Wednesday, November 7, 2007
Jeff Francis, the 6'-5", 17-game winner for the Colorado Rockies played a significant role in the teams red-hot winning streak that propelled them into the World Series this year. However, the path Francis took to the Majors is quite different then the majority of today's big leaguers. The Vancouver native chose to hone his skills at University of British Columbia, a small NAIA school. Since Francis’ success, 10 former UBC Thunderbirds have been drafted.
NCAA Division II schools had 63 players taken in the 2007 MLB draft and D-III schools have an average of 30 players taken each year. Our point is...There is great baseball at the small colleges and in many instances a more well rounded education as well.
While the smaller schools aren’t as loved by the national press, they are the darlings of the local media, especially in the smaller communities. Many of these small schools are the pride of the small towns they reside in and have a great fan base as well. (Not all small schools are in small towns, but many are) And many of these smaller schools have every bit as much tradition and history as the D-I’s too.
And here’s a couple of interesting facts…Did you know that while D-III doesn’t offer athletic scholarships, more athletes play in D-III than any other NCAA division? Another interesting note is that NAIA schools can actually offer more funded scholarships. (not a lot more…but more nevertheless) NAIA can give out 12 scholarships, while D-I is stuck at 11.7.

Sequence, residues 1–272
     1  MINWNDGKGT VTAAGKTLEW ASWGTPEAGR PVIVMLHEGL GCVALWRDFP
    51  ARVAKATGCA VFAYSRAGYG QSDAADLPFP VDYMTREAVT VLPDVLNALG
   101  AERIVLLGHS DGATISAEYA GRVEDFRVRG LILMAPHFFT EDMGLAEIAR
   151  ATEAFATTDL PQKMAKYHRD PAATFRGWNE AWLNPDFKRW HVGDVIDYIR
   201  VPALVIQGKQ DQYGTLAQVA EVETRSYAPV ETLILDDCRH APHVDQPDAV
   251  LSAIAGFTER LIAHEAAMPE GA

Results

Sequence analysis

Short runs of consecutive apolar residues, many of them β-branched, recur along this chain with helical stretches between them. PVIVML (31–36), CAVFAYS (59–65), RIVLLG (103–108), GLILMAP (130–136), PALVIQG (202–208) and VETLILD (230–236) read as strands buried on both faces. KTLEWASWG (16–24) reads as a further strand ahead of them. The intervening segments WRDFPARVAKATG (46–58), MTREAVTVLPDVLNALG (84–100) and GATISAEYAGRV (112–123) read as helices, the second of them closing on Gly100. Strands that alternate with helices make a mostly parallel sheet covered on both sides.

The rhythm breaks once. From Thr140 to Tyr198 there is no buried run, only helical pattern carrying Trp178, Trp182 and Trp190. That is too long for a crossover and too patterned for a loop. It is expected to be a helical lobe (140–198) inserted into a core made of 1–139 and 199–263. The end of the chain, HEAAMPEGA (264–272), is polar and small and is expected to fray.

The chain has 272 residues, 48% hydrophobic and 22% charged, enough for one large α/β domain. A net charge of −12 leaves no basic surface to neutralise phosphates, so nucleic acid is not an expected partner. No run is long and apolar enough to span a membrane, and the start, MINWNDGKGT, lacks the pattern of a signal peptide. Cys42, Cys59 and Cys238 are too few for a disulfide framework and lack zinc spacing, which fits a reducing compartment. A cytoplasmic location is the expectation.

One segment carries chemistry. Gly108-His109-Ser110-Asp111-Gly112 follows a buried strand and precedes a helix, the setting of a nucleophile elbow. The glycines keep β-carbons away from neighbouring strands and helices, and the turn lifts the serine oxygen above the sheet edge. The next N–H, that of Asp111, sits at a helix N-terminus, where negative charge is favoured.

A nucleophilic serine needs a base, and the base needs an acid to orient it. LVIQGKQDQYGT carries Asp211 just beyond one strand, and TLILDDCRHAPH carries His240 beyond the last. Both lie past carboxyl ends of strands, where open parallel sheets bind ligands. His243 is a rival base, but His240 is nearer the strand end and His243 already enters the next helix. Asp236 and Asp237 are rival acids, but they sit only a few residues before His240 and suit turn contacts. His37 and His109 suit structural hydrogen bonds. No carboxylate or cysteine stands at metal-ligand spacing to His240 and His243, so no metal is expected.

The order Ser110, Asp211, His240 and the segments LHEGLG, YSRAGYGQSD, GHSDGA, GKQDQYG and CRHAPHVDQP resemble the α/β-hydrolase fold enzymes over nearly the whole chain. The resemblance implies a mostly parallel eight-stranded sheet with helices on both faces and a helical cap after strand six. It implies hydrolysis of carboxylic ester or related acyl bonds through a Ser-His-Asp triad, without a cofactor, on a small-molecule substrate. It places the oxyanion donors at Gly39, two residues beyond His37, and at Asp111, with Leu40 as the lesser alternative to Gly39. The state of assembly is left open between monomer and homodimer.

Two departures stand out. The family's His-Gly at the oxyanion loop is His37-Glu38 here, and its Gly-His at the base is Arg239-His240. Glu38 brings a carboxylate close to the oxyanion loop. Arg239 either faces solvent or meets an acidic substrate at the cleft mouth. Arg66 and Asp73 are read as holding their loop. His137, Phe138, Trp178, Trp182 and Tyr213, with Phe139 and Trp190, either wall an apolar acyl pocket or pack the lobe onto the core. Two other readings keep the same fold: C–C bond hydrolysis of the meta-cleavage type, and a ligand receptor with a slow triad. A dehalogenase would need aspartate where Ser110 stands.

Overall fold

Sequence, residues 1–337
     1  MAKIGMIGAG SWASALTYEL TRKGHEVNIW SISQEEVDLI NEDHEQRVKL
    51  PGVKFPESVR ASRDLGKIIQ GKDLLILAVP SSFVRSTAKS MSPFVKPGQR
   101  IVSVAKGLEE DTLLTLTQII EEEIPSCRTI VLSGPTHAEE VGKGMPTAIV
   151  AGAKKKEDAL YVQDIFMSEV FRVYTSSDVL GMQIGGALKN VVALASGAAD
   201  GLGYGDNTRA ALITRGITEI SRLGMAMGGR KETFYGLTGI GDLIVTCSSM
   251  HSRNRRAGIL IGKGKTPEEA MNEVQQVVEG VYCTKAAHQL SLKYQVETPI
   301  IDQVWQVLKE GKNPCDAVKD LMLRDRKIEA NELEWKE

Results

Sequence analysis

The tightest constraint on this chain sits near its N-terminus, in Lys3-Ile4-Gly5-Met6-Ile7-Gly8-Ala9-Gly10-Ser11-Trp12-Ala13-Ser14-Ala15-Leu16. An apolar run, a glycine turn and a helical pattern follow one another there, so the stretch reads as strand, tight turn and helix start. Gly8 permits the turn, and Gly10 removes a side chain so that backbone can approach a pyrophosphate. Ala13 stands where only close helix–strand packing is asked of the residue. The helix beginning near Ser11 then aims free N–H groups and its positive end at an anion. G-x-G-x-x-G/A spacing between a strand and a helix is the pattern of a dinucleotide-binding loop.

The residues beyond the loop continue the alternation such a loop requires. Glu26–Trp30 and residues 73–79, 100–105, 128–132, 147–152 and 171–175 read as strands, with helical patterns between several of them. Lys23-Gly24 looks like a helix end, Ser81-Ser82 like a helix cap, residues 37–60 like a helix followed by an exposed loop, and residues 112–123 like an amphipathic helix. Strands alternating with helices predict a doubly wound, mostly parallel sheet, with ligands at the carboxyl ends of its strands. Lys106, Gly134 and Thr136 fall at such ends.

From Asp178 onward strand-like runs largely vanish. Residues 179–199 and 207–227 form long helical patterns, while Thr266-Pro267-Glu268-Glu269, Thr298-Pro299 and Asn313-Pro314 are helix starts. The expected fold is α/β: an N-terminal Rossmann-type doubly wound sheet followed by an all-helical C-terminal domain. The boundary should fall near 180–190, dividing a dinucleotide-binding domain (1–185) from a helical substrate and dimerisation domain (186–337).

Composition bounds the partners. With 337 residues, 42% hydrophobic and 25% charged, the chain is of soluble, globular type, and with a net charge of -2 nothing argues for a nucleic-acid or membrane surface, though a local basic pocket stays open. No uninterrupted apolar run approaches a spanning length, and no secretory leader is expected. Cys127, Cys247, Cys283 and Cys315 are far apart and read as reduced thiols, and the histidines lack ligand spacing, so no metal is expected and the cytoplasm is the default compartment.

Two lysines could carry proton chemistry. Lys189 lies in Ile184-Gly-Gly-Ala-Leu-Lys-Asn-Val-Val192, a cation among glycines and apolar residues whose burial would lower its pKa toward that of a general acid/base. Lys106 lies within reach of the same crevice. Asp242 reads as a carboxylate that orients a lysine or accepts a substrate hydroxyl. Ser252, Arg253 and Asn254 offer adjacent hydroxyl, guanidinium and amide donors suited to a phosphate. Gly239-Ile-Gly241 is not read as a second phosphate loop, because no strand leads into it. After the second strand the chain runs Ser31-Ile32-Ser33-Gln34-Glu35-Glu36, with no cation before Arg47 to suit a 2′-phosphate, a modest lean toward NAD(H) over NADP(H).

Division III and NAIA colleges and universities offer some of the best education in the country as well. Ranked D-III schools, Johns Hopkins (34-9 in 2007) and Washington University in St. Louis (30-9 in 2007) have two of the most prestigious medical schools in the country. Many NAIA, D-II and D-III schools provide greater student-teacher ratios, attractive settings, and some of the best job placement opportunities in the nation after graduation.
High school student athletes who want to play sports in college, and are not being recruited by major college programs may still have a chance to play baseball at NCAA Division II, III or NAIA colleges. So, expand your letter and e-mail campaign to the many smaller colleges in your area as well. In the right hand column of this site, you will find a list that includes all D-I, D-II, D-III and NAIA schools that offer baseball. Look at their sites and see which one may fit your goals academically, while satisfying that competitive urge to play a college sport. Good Luck..till next time..
The Rounding Third Staff